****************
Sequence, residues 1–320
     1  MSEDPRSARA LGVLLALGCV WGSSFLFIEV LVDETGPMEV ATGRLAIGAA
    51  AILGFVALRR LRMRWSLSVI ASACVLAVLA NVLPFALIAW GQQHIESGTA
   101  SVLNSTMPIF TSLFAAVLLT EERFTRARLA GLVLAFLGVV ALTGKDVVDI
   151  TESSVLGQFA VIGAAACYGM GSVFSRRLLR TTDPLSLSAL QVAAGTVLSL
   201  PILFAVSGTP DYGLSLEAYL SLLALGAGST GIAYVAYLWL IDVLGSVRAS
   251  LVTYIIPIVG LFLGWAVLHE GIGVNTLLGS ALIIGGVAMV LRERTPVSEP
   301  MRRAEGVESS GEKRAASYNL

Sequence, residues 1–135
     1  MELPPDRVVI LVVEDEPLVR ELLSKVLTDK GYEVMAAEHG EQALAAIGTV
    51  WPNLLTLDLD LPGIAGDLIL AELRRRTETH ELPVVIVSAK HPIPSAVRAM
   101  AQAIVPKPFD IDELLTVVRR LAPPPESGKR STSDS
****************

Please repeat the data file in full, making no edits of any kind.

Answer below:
Sequence, residues 1–320
     1  MSEDPRSARA LGVLLALGCV WGSSFLFIEV LVDETGPMEV ATGRLAIGAA
    51  AILGFVALRR LRMRWSLSVI ASACVLAVLA NVLPFALIAW GQQHIESGTA
   101  SVLNSTMPIF TSLFAAVLLT EERFTRARLA GLVLAFLGVV ALTGKDVVDI
   151  TESSVLGQFA VIGAAACYGM GSVFSRRLLR TTDPLSLSAL QVAAGTVLSL
   201  PILFAVSGTP DYGLSLEAYL SLLALGAGST GIAYVAYLWL IDVLGSVRAS
   251  LVTYIIPIVG LFLGWAVLHE GIGVNTLLGS ALIIGGVAMV LRERTPVSEP
   301  MRRAEGVESS GEKRAASYNL

Sequence, residues 1–135
     1  MELPPDRVVI LVVEDEPLVR ELLSKVLTDK GYEVMAAEHG EQALAAIGTV
    51  WPNLLTLDLD LPGIAGDLIL AELRRRTETH ELPVVIVSAK HPIPSAVRAM
   101  AQAIVPKPFD IDELLTVVRR LAPPPESGKR STSDS